men emptying a septic tank

What to Expect During a Typical Septic Tank Pump-Out

Regular pump-outs of septic tanks are necessary to keep them from becoming too full. Generally, you should consider having them pumped when the solid material accumulates between 30-50% of the tank’s total capacity. If you decide to have your tank pumped, it’s important to make sure that all pumping procedures are completed correctly. Make sure to observe the pumps’ work and check off a list of steps they need to take.

What Usually Happens During a Septic Tank Pump-Out

Before Pump-Out

Before you begin to pump your septic tank, take a look at the liquid level of the tank in relation to the outlet pipe. If the level is below the pipe, it could be a sign that there’s a leak somewhere. On the other hand, if it’s above the pipe, there may be an issue with either the pipe leading to your drainfield or with the drainfield itself.

During Pump-Out

The proper way to pump a tank is from the manhole. This prevents damage from occurring to tees and baffles located in the inspection ports. If pumping must occur from the inspection ports, make sure that both sides of the tank are pumped as it is important to ensure all areas of the tank are emptied. Always monitor for backflow from the tank outlet pipe; a large amount of backflow can indicate a drainfield system backup while a small amount could suggest there is a sag in the pipe leading to the drainfield. When completing pumping processes, use a septage spoon and backflush to dislodge any sludge that may have settled into corners of the tank; however, do not leave any septage inside or scrub/power wash walls of the tank when finished.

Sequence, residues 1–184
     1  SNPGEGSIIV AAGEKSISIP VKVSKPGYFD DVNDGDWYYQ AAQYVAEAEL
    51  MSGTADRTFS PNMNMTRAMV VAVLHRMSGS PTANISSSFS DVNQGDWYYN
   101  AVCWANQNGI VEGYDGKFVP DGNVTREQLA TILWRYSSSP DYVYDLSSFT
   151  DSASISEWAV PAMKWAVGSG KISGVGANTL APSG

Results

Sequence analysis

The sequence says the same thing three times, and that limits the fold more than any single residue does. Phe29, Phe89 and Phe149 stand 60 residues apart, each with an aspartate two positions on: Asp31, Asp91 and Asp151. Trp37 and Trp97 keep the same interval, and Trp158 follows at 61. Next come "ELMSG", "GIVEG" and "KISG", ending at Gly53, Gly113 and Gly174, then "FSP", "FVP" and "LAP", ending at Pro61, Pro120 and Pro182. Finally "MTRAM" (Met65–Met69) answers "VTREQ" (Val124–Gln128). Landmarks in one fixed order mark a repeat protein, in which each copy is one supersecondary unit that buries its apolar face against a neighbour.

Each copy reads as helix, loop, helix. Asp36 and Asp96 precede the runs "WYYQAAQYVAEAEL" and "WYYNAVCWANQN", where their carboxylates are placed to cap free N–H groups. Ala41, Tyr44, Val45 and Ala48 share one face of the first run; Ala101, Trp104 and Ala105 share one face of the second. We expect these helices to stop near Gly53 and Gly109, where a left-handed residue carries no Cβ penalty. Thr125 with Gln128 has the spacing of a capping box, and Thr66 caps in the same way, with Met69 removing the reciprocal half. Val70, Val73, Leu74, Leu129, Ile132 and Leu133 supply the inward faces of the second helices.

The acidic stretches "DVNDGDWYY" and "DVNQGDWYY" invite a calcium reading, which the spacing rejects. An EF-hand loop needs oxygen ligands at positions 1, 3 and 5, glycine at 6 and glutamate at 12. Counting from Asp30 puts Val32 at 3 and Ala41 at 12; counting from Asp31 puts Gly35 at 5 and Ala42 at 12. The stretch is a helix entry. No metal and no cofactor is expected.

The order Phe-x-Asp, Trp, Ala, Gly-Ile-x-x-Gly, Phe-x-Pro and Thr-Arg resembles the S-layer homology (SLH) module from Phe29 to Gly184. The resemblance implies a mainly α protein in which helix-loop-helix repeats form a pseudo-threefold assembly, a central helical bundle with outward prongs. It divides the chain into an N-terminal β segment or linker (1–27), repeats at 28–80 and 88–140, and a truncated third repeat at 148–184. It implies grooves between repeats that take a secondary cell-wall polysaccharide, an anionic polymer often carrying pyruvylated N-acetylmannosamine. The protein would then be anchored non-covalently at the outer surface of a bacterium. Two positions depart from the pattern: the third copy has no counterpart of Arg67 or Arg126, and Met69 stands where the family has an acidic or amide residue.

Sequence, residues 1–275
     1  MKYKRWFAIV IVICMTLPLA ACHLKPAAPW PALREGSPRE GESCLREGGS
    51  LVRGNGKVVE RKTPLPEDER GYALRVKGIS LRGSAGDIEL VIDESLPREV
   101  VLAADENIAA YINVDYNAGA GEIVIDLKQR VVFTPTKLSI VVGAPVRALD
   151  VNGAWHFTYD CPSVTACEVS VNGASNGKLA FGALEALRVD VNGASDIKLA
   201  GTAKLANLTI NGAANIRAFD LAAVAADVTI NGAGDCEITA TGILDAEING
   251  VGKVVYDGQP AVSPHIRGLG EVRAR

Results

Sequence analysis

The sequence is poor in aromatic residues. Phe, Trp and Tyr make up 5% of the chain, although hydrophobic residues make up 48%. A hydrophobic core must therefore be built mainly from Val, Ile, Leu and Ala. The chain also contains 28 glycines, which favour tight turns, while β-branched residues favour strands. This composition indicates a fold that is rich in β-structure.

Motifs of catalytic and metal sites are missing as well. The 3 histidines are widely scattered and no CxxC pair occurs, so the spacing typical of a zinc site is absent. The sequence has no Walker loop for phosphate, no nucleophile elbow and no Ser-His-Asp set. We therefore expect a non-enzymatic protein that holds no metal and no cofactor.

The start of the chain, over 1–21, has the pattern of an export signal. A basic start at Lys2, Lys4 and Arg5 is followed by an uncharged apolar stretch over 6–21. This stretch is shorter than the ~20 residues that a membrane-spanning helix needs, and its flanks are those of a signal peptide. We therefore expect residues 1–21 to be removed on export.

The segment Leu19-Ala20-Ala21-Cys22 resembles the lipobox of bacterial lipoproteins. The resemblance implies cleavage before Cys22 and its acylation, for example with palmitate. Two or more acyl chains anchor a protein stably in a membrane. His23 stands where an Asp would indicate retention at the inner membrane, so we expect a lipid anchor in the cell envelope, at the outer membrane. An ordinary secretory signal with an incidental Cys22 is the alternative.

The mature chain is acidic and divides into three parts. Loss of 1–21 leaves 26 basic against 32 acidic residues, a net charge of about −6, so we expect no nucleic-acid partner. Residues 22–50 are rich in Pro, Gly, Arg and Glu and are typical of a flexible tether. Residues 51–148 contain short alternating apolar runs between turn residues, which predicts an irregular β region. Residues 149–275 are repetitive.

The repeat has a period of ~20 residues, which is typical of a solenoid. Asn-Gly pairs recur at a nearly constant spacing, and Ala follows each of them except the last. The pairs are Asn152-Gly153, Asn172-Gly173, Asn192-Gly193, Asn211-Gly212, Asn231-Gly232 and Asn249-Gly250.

After Pump-Out

After a septic tank has been pumped, it is important to assess the tank for any damage. Look for signs such as an open weep hole, leaking mid-seam, damaged baffles, or cracks. Once you have completed this assessment, be sure to file a report with your local town hall to inform them of the completed pump-out. The town may require that either you or the pumper provide the report.

How to Extend Time Between Pump-Outs

If you want to extend the time between pump-outs, there are a few things you can do on a daily basis. Be sure not to flush anything except toilet paper down your toilet. Things such as sanitary products, paper towels, and disposable diapers will harm your septic tank, causing more frequent pump-outs. Garbage disposals should also be avoided for food waste, coffee grounds, grease, and fat, as these items can damage your septic system over time. Reduce water usage by repairing any leaking faucets or toilets and using lower flow fixtures when possible. Turning off the water when brushing your teeth and shaving also helps conserve water. Additionally, keeping a compost pile can help reduce the amount of wastewater going into your septic tank, resulting in fewer pump-outs needed over time.

Will System Additives Reduce the Number of Pump-outs Needed?

Are system additives effective in reducing the number of pump-outs needed for septic tanks? Unfortunately, research indicates that biological enzymes and other “miracle” system additives do not improve septic system functioning. The amount of bacteria or enzyme in each dose of additive is too small for it to have any perceivable effect on tank performance. In fact, using this method of trying to get around regular pump-outs can create even bigger issues, as solids will end up clogging the drainfield, making repairs very costly. As some states forbid the use of acids and organic chemical solvents in septic systems due to potential water contamination risks anyway, it is best to stick with regularly scheduled tank pump-outs for optimal performance.

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